Alexia Voulgaridou On Playing ‘Tosca’

Alexia Voulgaridou as Tosca. Image Prudence Upton

Alexia Voulgaridou as Tosca. Image Prudence Upton

Floria Tosca has come to town with the with the steely determination and strong passions for which she is renowned. Thrilling Sydney audiences in the title role of Puccini’s 1900 opera is Greek soprano Alexia Voulgaridou.

Coincidentally, it was as another Puccini heroine that Alexia Voulgaridou first came to international attention in 2002, singing Mimi at the Bregenz Opera Festival opposite Rolando Villazon. Come 2007 and Voulgaridou made her first appearance in Sydney, also as  a Puccini heroine, this time singing the role of Magda in a staged version of Puccini’s La Rondine with Gianluigi Gelmetti conducting the Sydney Symphony Orchestra. Alexia Voulgaridou has a comprehensive repertoire of heroines to call upon, from Mozart’s Susanna and Pamina to Verdi’s Desdemona and Strauss’ Sophie. Yet, Liu and Cio-Cio San, two more of Puccini’s creations are amongst her operatic alter-egos.

Chatting to Alexia Voulgaridou in her dressing room after yet another brilliant and compelling performance as Tosca, I asked her about her approach to playing Puccini’s heroines. For one who has delivered such a towering performance she is disarmingly unpretentious. In halting English, she explains:

” I like very much the Puccini heroines because they’re real flesh and blood – they’re ordinary people. They’re not the daughters of kings. They’re women like we are and the character he gives them always is that they are gentle but with very strong personalities.” Her words parallel her own persona which conveys a that overlies the stamina that she has drawn on to deliver the role of Tosca with such conviction.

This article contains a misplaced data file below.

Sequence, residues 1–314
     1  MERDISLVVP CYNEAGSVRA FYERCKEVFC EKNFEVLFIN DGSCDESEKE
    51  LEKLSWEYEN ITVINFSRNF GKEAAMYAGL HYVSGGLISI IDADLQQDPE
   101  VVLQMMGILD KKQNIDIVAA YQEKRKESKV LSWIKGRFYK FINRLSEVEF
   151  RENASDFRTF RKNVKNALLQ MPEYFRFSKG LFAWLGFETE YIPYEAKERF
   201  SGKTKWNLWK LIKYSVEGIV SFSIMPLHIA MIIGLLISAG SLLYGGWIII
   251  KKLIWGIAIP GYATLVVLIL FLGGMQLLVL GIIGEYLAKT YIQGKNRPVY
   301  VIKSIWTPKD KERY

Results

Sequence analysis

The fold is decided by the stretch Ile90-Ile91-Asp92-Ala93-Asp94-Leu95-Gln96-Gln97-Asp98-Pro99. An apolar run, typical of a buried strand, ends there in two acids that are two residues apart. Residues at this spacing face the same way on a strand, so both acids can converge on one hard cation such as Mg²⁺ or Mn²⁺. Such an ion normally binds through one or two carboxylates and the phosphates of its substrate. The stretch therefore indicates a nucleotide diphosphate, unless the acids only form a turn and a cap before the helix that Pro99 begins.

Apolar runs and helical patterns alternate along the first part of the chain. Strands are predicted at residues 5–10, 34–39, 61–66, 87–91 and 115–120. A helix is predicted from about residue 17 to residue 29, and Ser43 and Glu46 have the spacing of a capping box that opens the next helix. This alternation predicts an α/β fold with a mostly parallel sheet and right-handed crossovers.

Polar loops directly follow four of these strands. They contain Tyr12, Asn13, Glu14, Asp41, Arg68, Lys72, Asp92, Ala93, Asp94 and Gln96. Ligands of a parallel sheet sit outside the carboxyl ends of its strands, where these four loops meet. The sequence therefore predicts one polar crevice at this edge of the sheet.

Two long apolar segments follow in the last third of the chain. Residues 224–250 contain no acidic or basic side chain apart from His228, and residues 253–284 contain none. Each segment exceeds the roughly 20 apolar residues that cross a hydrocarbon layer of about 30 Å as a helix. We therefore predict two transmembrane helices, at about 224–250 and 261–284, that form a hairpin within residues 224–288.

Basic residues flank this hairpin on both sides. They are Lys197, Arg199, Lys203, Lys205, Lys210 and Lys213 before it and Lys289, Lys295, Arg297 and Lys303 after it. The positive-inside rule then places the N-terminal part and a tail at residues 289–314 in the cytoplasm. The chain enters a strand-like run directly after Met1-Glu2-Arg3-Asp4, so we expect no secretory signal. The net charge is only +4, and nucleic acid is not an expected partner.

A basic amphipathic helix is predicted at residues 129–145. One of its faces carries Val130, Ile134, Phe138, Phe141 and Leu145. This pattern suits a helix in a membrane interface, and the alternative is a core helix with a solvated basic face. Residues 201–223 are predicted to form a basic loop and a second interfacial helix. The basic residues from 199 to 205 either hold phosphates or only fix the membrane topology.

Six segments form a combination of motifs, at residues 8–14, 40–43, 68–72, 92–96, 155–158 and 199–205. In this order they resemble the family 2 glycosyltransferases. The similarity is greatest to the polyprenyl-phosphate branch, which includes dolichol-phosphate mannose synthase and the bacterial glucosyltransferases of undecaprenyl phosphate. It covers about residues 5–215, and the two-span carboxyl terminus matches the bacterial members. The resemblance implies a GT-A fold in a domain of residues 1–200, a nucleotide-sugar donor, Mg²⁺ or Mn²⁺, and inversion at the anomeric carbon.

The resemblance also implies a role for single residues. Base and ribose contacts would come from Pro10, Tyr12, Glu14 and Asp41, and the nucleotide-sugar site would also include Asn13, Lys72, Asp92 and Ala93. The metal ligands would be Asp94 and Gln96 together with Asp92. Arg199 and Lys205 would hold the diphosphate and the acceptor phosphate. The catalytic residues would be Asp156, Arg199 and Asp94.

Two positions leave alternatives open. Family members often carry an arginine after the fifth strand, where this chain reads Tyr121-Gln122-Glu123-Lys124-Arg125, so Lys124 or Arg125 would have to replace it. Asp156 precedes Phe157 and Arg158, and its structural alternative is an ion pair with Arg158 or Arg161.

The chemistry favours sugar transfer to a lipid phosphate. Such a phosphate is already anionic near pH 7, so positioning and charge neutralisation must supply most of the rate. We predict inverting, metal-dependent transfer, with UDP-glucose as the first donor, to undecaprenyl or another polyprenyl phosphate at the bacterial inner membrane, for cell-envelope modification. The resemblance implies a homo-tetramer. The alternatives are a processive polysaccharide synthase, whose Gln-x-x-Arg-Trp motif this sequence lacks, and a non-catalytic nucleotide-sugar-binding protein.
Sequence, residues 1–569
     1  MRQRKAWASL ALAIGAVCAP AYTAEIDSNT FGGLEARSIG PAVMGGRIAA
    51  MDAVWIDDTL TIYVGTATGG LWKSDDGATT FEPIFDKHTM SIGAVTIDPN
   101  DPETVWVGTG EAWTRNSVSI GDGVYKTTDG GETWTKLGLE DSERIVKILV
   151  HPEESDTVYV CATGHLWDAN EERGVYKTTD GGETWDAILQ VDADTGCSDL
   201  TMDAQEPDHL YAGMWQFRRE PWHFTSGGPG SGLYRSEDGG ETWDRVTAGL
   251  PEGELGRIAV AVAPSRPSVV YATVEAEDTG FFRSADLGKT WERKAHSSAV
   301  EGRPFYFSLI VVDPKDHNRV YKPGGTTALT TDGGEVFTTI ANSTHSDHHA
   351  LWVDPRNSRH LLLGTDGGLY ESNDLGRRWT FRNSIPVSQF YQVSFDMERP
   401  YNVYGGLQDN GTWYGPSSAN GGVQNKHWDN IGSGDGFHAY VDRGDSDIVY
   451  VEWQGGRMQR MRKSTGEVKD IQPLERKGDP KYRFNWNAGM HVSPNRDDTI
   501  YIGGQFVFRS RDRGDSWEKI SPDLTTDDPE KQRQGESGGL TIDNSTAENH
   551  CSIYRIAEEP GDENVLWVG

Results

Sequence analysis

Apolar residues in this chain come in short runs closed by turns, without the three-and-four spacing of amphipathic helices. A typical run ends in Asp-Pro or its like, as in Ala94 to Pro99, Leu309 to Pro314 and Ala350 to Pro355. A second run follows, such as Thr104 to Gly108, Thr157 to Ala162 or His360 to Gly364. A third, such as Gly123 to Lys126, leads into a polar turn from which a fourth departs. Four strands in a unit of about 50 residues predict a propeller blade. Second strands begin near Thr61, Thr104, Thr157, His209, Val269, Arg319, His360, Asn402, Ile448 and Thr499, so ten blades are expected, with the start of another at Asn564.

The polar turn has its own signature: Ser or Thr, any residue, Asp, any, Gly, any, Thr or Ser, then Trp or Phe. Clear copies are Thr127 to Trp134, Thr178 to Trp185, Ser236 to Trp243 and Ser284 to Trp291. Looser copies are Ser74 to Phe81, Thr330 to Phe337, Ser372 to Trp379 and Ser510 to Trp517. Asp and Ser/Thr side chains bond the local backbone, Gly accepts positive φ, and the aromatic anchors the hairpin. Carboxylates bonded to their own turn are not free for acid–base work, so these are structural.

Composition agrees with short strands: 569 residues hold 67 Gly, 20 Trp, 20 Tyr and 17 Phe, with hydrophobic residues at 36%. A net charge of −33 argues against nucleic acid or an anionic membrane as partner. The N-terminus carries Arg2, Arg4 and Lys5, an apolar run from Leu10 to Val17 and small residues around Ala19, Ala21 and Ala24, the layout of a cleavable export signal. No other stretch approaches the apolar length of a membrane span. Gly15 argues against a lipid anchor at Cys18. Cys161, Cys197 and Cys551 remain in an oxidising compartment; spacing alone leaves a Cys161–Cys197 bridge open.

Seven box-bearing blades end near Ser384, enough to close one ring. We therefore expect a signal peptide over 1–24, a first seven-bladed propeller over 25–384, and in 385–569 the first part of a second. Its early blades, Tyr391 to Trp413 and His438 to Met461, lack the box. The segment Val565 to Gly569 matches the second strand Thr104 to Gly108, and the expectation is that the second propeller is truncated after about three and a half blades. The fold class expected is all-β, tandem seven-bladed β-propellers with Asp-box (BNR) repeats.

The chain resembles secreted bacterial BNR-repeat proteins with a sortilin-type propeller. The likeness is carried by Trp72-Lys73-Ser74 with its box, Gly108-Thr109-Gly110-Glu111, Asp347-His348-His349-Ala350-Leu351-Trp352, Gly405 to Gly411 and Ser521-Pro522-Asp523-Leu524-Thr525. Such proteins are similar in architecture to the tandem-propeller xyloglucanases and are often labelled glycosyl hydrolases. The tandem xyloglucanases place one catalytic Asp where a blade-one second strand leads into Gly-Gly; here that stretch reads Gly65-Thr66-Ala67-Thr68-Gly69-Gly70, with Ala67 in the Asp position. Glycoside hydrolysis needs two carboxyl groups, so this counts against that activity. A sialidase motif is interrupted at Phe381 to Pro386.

She continues -“Puccini’s heroines are almost always selfless and seem vulnerable but they grow through death. For example Mimi – she is sick but she is so full of   forza – that passion – that she dies in the arms of her lover with acceptance. She’s not crying. Liu gives her life to save the man she loves. ‘Butterfly’ – for her honour, she gives up her child but, she doesn’t want to live without the man she loves so she commits hara kiri and it is the same with Tosca – she kills for love and then kills herself.

My next question to Alexia Voulgaridou seems all too obvious – to what extent, if any, has she been influenced by her compatriot Maria Callas, who so famously sang the role of Tosca.

Voulgaridou is emphatic in explaining that her philosophy in preparing and performing a role is to not be influenced by anyone who has gone before. “No! I am not influenced by her. I know that there are recordings, but I have never seen them. Her reputation is so strong it would be impossible to see her and not be influenced so I have avoided it. When I study a new part, first  I learn the solfeggio notes with the pianist because I like that everything is very correct. Then when  am ready, I add the voice in the proper register. I learn the dynamics and the orchestration and put everything together. To listen to this time I chose a few excerpts from the performance by Tebaldi – that’s all.”

“I like to create my own version like I did with Mimi so that people can say “This is ‘ la Mimi de la Voulgaridou.’ I like people come to see what I think Tosca is, not what other singers have done.  I don’t want to hear how they kill Scarpia because I want them to find out how Voulgaridou does these things with my voice and my personality.”

For Alexia Voulgaridou, this is her first trip to Sydney since she sang with the SSO in 2007 and she is very happy to be back. ” I feel the public really loves opera and they understand that we give our souls when we perform. Every performance is a big moment for me on this stage.”

Shamistha de Soysa for SoundsLikeSydney©

Alexia Voulgaridou sings as Tosca at the Joan Sutherland Opera Theatre of the Sydney Opera House on selected evenings until Friday 2nd August and on the afternoon of Saturday 20th July.

The production continues until the 31st of August with Cheryl Barker in the title role.

 

 
Posted on July 16, 2013 @ 0.21
 

COMMENTS